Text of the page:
Dellin Betances finishes third in AL Rookie of the Year voting

(Alex Goodlett/Getty)
(Alex Goodlett/Getty)

To the surprise of no one, White Sox slugger Jose Abreu was named the 2014 AL Rookie of the Year on Monday night, the BBWAA announced. He won unanimously and deservedly so. Dellin Betances finished third in the voting behind Abreu and Angels right-hander Matt Shoemaker. Masahiro Tanaka finished fifth behind those three and Astros righty Collin McHugh.

Betances received seven second place votes and six third place votes (27 points) while Shoemaker received 12 second place votes and four third place votes (40 points). Tanaka received three second place votes and seven third place votes (16 points). The full voting results are available at the BBWAA’s site. This is the first time in history the Yankees had two players receive Rookie of the Year votes in the same season. No, really.

The Yankees do not have any finalists for the other major awards. Joe Girardi will surely receive a few Manager of the Year votes and Betances and/or Tanaka may pull down a Cy Young vote or two. The bottom of the MVP voting is always kinda fun and I’m sure a Yankees or three will pop up there. Rookie of the Year or not, Betances had a marvelous season and there’s no shame in finishing third in the voting.

Curry: David Robertson declines qualifying offer


As expected, David Robertson declined the one-year, $15.3M qualifying offer prior to today’s 5pm ET deadline, according to Jack Curry. The Yankees will get a supplemental first round draft pick should their closer sign elsewhere as a free agent this winter. They won’t get the pick if they re-sign him. Last we heard, the two sides were not particularly close to a deal.

Robertson, 29, has been as good as any non-Craig Kimbrel relief pitcher in baseball these last four years, so of course he declined the qualifying offer. This is by far his best (and possibly only) chance to get a huge free agent contract. Sure, accepting the $15.3M qualifying offer would have made him the highest paid reliever in baseball history, but that’s on a one-year deal. Robertson is likely to get a multi-year contract worth twice the guaranteed money on the open market.

The Yankees did not make Hiroki Kuroda the qualifying offer, which surprised me a bit. Brandon McCarthy and Chase Headley were not eligible to receive the qualifying offer because they were traded at midseason. A total of 12 players received a qualifying offer this winter and all are expected to declined now that Michael Cuddyer signed with the Mets.

Former Yankees lefty Brad Halsey dead at 33

(AP Photo/Ed Betz)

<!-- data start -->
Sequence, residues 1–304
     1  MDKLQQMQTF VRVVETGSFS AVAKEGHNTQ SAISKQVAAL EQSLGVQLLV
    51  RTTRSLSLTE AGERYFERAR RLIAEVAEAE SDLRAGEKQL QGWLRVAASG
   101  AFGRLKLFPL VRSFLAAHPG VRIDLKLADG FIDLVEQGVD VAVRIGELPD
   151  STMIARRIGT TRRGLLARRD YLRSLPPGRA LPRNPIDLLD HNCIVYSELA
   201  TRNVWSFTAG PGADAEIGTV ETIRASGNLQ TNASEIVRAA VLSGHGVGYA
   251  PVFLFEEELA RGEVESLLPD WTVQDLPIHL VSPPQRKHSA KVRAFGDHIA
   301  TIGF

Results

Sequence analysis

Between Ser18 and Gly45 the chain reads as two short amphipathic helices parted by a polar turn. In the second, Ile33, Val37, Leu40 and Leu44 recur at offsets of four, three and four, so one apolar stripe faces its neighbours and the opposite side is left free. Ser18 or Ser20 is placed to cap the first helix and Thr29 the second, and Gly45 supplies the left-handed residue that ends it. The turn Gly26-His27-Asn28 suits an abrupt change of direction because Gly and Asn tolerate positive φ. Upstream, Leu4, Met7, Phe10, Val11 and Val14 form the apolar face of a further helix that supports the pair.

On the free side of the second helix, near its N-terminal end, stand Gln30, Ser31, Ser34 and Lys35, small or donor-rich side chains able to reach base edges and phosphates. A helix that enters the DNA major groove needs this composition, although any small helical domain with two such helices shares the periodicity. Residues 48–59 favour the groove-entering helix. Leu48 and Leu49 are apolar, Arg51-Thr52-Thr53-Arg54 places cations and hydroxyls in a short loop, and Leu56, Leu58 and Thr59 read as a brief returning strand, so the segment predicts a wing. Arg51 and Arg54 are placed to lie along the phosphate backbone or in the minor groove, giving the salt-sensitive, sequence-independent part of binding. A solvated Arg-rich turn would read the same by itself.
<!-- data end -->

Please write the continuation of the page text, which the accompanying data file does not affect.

Former Yankees left-hander Brad Halsey is dead at the age of 33, his representatives at O’Connell Sports confirmed. He was killed in a climbing accident near his home in Texas according to Bob Nightengale. No other details have been released.

Halsey was New York’s eighth round pick in the 2002 draft. He reached the big leagues in June 2004 and won his first career start by holding the Dodgers to two runs in 5.2 innings. Halsey started the famous July 1st game against the Red Sox, which is best remembered for Derek Jeter‘s face-first dive into the stands and John Flaherty’s walk-off double.

After going 1-3 with a 6.47 ERA in seven starts and one relief appearance in 2004, the Yankees traded Halsey to the Diamondbacks as part of the package for Randy Johnson. He spent one year with Arizona (8-12, 4.61) before being traded to the Athletics for Juan Cruz. Halsey spent the 2006 season with Oakland (5-4, 4.67) before blowing out his shoulder and needing surgery.

Halsey filed and won a grievance against the Athletics for the way they handled his shoulder injury. He bounced around Triple-A and the independent leagues for a few years before returning to the Yankees on a minor league contract in 2011. Halsey had a 4.73 ERA in 24 relief appearances with High-A Tampa and Double-A Trenton that year, his last as a professional player.

Our condolences go out to Halsey’s family and friends.

Bradford: Red Sox hire Yankees hitting coach candidate Chili Davis

Via Rob Bradford: The Red Sox are hiring Athletics hitting coach Chili Davis to be their new hitting coach. The Yankees interviewed Davis for the same role last week, so this takes him out of the running. New York also interviewed Rangers hitting coach Dave Magadan as well as some other unnamed candidates. They could name a new hitting coach as soon as Tuesday.

AL East Shakeup: Andrew Friedman leaves Rays for Dodgers

Rays GM Andrew Friedman has left the team to take over as the Dodgers president of baseball operations, both teams announced. After years of building annoyingly good teams on a tiny budget, Friedman will now have the largest payroll in the game at his disposal. Of course, now he has actual expectations too. Team president Matt Silverman will replace Friedman and I have no doubt the Rays will continue to be a thorn in the Yankees’ side going forward. They weren’t a one-man show all these years.